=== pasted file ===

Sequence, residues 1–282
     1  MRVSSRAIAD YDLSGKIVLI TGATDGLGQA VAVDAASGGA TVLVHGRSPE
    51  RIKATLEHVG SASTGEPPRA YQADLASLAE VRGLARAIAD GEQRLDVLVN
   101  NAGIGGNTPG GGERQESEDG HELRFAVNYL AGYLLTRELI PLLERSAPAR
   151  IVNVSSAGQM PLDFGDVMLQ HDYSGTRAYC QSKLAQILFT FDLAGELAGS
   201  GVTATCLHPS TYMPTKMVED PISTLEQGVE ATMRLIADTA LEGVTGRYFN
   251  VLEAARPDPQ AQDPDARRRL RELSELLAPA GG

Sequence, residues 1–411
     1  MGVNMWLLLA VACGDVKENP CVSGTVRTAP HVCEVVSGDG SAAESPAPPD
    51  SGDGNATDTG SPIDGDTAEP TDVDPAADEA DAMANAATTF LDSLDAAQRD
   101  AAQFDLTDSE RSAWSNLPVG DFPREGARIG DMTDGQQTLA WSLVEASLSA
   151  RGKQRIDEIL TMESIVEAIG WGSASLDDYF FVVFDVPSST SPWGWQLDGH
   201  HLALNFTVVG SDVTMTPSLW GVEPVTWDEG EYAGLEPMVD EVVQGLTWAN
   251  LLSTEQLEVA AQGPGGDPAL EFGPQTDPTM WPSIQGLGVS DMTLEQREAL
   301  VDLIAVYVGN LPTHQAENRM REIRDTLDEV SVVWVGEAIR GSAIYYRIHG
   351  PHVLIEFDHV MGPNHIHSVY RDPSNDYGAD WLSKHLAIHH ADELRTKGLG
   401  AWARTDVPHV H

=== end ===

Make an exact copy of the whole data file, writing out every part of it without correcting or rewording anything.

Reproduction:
Sequence, residues 1–282
     1  MRVSSRAIAD YDLSGKIVLI TGATDGLGQA VAVDAASGGA TVLVHGRSPE
    51  RIKATLEHVG SASTGEPPRA YQADLASLAE VRGLARAIAD GEQRLDVLVN
   101  NAGIGGNTPG GGERQESEDG HELRFAVNYL AGYLLTRELI PLLERSAPAR
   151  IVNVSSAGQM PLDFGDVMLQ HDYSGTRAYC QSKLAQILFT FDLAGELAGS
   201  GVTATCLHPS TYMPTKMVED PISTLEQGVE ATMRLIADTA LEGVTGRYFN
   251  VLEAARPDPQ AQDPDARRRL RELSELLAPA GG

Sequence, residues 1–411
     1  MGVNMWLLLA VACGDVKENP CVSGTVRTAP HVCEVVSGDG SAAESPAPPD
    51  SGDGNATDTG SPIDGDTAEP TDVDPAADEA DAMANAATTF LDSLDAAQRD
   101  AAQFDLTDSE RSAWSNLPVG DFPREGARIG DMTDGQQTLA WSLVEASLSA
   151  RGKQRIDEIL TMESIVEAIG WGSASLDDYF FVVFDVPSST SPWGWQLDGH
   201  HLALNFTVVG SDVTMTPSLW GVEPVTWDEG EYAGLEPMVD EVVQGLTWAN
   251  LLSTEQLEVA AQGPGGDPAL EFGPQTDPTM WPSIQGLGVS DMTLEQREAL
   301  VDLIAVYVGN LPTHQAENRM REIRDTLDEV SVVWVGEAIR GSAIYYRIHG
   351  PHVLIEFDHV MGPNHIHSVY RDPSNDYGAD WLSKHLAIHH ADELRTKGLG
   401  AWARTDVPHV H